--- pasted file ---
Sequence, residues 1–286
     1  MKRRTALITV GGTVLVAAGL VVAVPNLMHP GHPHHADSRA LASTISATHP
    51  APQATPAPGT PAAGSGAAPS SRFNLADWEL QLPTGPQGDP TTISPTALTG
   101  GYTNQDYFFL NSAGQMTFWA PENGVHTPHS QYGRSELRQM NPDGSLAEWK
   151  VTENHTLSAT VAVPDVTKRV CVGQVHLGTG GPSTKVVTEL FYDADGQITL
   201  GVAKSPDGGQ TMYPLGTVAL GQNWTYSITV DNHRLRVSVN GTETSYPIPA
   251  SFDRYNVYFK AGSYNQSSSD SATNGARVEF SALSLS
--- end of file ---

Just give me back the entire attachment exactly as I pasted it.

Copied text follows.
Sequence, residues 1–286
     1  MKRRTALITV GGTVLVAAGL VVAVPNLMHP GHPHHADSRA LASTISATHP
    51  APQATPAPGT PAAGSGAAPS SRFNLADWEL QLPTGPQGDP TTISPTALTG
   101  GYTNQDYFFL NSAGQMTFWA PENGVHTPHS QYGRSELRQM NPDGSLAEWK
   151  VTENHTLSAT VAVPDVTKRV CVGQVHLGTG GPSTKVVTEL FYDADGQITL
   201  GVAKSPDGGQ TMYPLGTVAL GQNWTYSITV DNHRLRVSVN GTETSYPIPA
   251  SFDRYNVYFK AGSYNQSSSD SATNGARVEF SALSLS